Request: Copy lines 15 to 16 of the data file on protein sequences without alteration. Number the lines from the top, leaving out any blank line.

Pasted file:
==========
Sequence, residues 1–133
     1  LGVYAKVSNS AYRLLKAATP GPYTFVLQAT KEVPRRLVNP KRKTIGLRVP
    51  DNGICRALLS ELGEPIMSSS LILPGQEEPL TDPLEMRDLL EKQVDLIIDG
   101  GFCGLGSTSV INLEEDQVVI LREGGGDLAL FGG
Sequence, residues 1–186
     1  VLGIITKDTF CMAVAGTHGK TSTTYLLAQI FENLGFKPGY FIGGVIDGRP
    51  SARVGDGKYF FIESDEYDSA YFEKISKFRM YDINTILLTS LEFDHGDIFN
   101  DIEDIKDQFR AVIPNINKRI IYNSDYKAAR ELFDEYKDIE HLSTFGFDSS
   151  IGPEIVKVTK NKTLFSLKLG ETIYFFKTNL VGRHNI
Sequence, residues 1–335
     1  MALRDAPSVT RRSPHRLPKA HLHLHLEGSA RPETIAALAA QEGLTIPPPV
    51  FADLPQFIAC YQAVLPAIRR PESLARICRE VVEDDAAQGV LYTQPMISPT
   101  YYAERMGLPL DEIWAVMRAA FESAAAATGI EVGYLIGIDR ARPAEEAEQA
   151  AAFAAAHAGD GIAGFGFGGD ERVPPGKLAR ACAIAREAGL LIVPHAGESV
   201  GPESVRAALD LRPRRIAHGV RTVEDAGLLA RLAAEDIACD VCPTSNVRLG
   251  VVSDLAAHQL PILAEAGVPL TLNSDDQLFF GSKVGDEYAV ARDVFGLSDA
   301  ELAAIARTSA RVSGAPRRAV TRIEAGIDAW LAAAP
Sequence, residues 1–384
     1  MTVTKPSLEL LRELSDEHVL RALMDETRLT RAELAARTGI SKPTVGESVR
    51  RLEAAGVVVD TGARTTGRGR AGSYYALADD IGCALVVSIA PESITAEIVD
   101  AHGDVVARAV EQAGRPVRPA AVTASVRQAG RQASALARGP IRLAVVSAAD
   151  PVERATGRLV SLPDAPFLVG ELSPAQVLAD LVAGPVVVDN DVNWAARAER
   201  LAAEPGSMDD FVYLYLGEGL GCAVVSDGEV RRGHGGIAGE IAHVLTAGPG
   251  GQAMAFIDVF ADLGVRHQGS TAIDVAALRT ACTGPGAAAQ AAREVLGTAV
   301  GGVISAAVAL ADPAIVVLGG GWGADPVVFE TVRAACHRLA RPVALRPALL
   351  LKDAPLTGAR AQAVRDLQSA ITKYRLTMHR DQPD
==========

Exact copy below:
   201  GPESVRAALD LRPRRIAHGV RTVEDAGLLA RLAAEDIACD VCPTSNVRLG
   251  VVSDLAAHQL PILAEAGVPL TLNSDDQLFF GSKVGDEYAV ARDVFGLSDA